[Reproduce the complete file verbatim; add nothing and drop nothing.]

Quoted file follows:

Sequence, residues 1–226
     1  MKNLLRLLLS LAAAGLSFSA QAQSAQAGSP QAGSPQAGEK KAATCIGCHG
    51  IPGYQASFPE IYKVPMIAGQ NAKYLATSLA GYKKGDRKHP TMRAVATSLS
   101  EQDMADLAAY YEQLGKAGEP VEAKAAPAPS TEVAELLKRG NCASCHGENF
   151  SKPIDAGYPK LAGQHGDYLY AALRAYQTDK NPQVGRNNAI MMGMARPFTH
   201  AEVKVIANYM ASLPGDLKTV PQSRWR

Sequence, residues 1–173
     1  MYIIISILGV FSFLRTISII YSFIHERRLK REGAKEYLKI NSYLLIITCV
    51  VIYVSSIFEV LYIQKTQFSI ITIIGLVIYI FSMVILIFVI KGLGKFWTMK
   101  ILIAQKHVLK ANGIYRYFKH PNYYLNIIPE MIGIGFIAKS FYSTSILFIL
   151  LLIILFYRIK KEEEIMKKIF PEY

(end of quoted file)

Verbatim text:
Sequence, residues 1–226
     1  MKNLLRLLLS LAAAGLSFSA QAQSAQAGSP QAGSPQAGEK KAATCIGCHG
    51  IPGYQASFPE IYKVPMIAGQ NAKYLATSLA GYKKGDRKHP TMRAVATSLS
   101  EQDMADLAAY YEQLGKAGEP VEAKAAPAPS TEVAELLKRG NCASCHGENF
   151  SKPIDAGYPK LAGQHGDYLY AALRAYQTDK NPQVGRNNAI MMGMARPFTH
   201  AEVKVIANYM ASLPGDLKTV PQSRWR

Sequence, residues 1–173
     1  MYIIISILGV FSFLRTISII YSFIHERRLK REGAKEYLKI NSYLLIITCV
    51  VIYVSSIFEV LYIQKTQFSI ITIIGLVIYI FSMVILIFVI KGLGKFWTMK
   101  ILIAQKHVLK ANGIYRYFKH PNYYLNIIPE MIGIGFIAKS FYSTSILFIL
   151  LLIILFYRIK KEEEIMKKIF PEY